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Thread: Program to compute powers

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    Default Program to compute powers

    Hi there folks.

    I'm trying to create a program that takes 2 numbers from command line arguments and use the second value as a power so for e.g. java Power 10 2 should give 100. But i want to do this without using the Math.pow method, and using a for loop. I have the following so far but i'm not sure what the problem is and it;s only seem to be doinng square numbers (i.e. to the power of 2)
    public class Power
    {
      public static void main(String [] args)
      {
        int mantissa = Integer.parseInt(args[0]);
        int exponent = Integer.parseInt(args[1]);
        int answer;
     
     
        for(int i=0; (mantissa*mantissa) < exponent; i++)
          exponent=exponent + i;
     
        answer = mantissa*mantissa;
        System.out.println("Result is " + answer);
     
     
      }
    }
    Last edited by copeg; October 25th, 2010 at 04:30 PM.


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    Member Darryl.Burke's Avatar
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    Default Re: Program to compute powers

    Well, all you ever set the value of answer to is mantissa*mantissa so what did you expect?

    Put your code aside. Take a paper and write down the steps to get a power in simple English (or your native language). Check your steps with 3 or 4 sample data sets. When it's all correct (and not before!), convert those steps into Java code.

    db

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    Default Re: Program to compute powers

    I know how to get powers, i wrote pseudocode and designed it, but im not sure what the case is for like cubics and powers more than 2.

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    Default Re: Program to compute powers

    You know there already is a class called Math that has a method called power that takes two numbers and raises the first number to the power of the second number.

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    Default Re: Program to compute powers

    public power(int num, int power)
    {
    int num2;
    if (power == 0 && num!=0)
    {
    num2 = 1;
    }
    else if (power == 1)
    {
    num2 = num;
    }
     
    else if (1 < power)
    {
    num2 = num * power(num, power -1);
    }
     
    else if(0 > power && num!=0)
    {
    num2 = 1/power(num, - power);
    }
    }

    Well...that may not quite work, haven't tried it out yet, but it's on the right track.
    Last edited by javapenguin; October 25th, 2010 at 04:55 PM.

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    Default Re: Program to compute powers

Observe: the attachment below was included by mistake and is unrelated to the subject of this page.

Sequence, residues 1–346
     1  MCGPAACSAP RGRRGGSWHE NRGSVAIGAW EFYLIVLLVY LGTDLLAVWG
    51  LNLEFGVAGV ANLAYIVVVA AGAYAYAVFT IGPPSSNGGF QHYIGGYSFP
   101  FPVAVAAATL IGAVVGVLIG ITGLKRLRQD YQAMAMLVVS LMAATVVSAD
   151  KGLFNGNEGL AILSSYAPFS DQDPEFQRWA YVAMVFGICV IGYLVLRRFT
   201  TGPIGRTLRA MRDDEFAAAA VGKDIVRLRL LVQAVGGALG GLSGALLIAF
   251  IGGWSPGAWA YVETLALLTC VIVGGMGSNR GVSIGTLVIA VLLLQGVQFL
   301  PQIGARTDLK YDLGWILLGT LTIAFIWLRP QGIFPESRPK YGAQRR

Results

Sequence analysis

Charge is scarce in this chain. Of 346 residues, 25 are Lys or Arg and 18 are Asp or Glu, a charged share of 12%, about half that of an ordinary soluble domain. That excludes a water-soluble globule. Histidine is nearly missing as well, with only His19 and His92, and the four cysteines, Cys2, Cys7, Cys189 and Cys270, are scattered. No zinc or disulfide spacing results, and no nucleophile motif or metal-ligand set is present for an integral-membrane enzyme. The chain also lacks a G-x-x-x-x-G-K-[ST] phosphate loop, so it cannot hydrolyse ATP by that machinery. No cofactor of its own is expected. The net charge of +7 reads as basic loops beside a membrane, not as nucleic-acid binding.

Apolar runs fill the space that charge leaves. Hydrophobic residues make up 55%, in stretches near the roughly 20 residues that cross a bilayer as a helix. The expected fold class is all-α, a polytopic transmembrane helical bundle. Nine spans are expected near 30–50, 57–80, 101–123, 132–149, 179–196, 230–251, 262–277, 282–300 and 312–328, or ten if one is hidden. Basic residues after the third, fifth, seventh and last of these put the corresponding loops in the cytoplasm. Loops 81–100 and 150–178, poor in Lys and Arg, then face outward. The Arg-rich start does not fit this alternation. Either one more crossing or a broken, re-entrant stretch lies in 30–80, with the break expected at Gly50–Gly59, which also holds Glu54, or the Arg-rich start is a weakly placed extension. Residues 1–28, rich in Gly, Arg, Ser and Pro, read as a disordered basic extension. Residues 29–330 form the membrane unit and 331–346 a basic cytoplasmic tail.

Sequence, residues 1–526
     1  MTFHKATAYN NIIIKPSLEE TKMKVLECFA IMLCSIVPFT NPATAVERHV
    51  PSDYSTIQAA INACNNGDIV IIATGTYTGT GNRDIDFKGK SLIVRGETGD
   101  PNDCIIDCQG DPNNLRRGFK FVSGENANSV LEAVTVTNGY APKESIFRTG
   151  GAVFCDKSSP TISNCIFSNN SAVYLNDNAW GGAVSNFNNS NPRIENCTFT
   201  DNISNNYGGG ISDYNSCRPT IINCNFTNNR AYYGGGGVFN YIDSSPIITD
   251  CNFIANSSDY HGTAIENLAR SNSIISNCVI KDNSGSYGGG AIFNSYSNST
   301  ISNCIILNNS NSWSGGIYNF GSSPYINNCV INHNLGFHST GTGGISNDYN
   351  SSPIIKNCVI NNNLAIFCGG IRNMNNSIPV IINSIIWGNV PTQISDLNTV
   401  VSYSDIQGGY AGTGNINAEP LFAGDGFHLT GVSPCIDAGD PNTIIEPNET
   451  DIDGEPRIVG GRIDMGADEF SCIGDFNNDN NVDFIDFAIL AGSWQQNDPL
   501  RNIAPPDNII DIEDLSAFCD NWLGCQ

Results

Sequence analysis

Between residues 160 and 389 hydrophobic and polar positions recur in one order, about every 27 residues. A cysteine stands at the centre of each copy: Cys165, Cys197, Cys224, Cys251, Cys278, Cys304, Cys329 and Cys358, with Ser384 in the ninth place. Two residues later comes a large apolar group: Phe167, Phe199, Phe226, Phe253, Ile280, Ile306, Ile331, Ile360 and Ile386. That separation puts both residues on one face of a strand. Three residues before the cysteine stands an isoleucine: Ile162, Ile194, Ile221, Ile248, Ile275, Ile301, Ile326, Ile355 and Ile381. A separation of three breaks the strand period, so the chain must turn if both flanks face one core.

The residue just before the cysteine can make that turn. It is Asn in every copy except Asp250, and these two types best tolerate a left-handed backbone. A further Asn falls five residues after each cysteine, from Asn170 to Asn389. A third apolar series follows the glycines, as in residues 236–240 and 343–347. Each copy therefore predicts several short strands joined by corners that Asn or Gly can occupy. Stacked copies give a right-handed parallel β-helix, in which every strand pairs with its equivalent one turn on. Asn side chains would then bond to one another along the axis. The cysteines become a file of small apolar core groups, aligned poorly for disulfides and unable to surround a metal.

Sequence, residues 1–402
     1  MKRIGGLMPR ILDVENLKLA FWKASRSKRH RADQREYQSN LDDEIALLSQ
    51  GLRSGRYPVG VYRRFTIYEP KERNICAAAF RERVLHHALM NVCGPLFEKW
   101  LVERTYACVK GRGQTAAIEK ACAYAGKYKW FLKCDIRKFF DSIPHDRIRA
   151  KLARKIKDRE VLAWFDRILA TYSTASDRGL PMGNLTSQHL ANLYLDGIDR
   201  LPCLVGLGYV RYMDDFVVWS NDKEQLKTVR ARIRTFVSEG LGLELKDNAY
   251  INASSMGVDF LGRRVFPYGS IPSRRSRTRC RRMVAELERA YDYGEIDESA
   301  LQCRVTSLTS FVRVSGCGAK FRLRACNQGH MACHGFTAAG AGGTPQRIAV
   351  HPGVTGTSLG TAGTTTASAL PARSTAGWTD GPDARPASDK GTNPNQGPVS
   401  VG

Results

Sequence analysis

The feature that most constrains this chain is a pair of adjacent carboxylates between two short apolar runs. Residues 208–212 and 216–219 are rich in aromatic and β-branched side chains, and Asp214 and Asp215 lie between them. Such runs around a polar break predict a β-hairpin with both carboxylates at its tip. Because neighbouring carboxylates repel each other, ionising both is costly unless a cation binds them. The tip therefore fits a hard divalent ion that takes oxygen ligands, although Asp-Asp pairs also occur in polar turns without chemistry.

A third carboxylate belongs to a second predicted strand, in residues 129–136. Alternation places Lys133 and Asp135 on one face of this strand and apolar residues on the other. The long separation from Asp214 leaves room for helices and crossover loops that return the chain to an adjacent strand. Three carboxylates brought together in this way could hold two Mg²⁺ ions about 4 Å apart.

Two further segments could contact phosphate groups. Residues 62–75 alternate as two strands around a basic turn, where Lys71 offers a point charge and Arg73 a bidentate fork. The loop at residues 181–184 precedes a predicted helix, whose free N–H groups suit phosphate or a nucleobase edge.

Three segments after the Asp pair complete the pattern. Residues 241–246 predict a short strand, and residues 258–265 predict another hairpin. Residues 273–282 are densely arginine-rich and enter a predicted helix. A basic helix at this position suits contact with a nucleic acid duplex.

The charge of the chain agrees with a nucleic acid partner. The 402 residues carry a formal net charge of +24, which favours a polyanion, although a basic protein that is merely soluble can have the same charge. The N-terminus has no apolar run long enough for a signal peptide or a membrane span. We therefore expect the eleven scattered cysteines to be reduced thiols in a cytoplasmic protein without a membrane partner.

You're algorithm doesn't compute x^y.

    Get out a piece of paper and "execute" the code as if you were the computer (pick some sample inputs):

    ex. mantissa = 4, exponent = 3

    4^3 = 64

        for(int i=0; (mantissa*mantissa) < exponent; i++)
          exponent=exponent + i;
    1. initialize i = 0
    2. 4 * 4 = 16
    3. exponent = 3
    4. 16 < 3?
    5. false, exit the for loop

    answer = mantissa*mantissa;
    System.out.println("Result is " + answer);
    6. answer = 4 * 4 = 16
    7. Print out "result is 16"

    Re-visit your pseudo-code and make sure that that is correct.

    As far as I can tell, your code at best will give you mantissa^2, and at worst will keep you stuck indefinately inside the for-loop (well, not really indefinately, integers wrap around at 2^31 so eventually your code will stop and give you mantissa^2)

    edit:

    public power(int num, int power)
    {
     
    if (power == 0 && num!=0)
    {
    num2 = 1;
    }
    else if (power == 1)
    {
    num2 = num;
    }
     
    else if (1 < power)
    {
    num2 = num * power(num, power -1);
    }
     
    else if(0 > power)
    {
    num2 = 1/power(num, - power);
    }
    }
    This isn't quite correct (for various reasons).

    1. This isn't proper Java syntax (no return type, num2 is never declared).
    2. 0^0 = 1. In your code, as far as I can work out it's un-determined
    3. Try running power(2,-1). You'll get a rather interesting result (correct result = 0.5). I actually can't think of a case off the top of my head where this code would give you correct results.
    4. No non-integer inputs for power (or number, but this is easier to fix than non-integer powers), i.e. power(2.5, -1.346)
    5. (minor issue) Assuming this code did actually work, this gives an O(n) solution at best (I didn't perform a thourough analysis, but it can only be worse). The best solution for computing x^y is O(1) (granted, there is a bit of "cheating" by using logarithm tables)
    6. We're here to help people find the answers to their problems, not give the answer to them
    Last edited by helloworld922; October 25th, 2010 at 05:05 PM.

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